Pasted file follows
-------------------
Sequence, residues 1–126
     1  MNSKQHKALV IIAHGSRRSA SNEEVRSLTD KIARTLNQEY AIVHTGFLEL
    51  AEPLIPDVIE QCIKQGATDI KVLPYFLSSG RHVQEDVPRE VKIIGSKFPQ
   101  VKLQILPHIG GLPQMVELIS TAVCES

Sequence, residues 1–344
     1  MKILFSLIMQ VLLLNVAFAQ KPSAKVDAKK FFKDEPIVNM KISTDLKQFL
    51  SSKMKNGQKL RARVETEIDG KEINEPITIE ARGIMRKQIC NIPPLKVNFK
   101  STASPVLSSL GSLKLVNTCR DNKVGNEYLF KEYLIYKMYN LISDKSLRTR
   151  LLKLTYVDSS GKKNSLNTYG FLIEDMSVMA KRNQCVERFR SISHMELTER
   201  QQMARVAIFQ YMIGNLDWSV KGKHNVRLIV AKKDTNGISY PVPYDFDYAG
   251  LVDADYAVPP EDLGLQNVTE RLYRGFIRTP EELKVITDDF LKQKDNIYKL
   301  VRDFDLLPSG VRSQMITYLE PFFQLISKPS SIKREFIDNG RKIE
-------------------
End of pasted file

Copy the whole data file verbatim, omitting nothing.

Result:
Sequence, residues 1–126
     1  MNSKQHKALV IIAHGSRRSA SNEEVRSLTD KIARTLNQEY AIVHTGFLEL
    51  AEPLIPDVIE QCIKQGATDI KVLPYFLSSG RHVQEDVPRE VKIIGSKFPQ
   101  VKLQILPHIG GLPQMVELIS TAVCES

Sequence, residues 1–344
     1  MKILFSLIMQ VLLLNVAFAQ KPSAKVDAKK FFKDEPIVNM KISTDLKQFL
    51  SSKMKNGQKL RARVETEIDG KEINEPITIE ARGIMRKQIC NIPPLKVNFK
   101  STASPVLSSL GSLKLVNTCR DNKVGNEYLF KEYLIYKMYN LISDKSLRTR
   151  LLKLTYVDSS GKKNSLNTYG FLIEDMSVMA KRNQCVERFR SISHMELTER
   201  QQMARVAIFQ YMIGNLDWSV KGKHNVRLIV AKKDTNGISY PVPYDFDYAG
   251  LVDADYAVPP EDLGLQNVTE RLYRGFIRTP EELKVITDDF LKQKDNIYKL
   301  VRDFDLLPSG VRSQMITYLE PFFQLISKPS SIKREFIDNG RKIE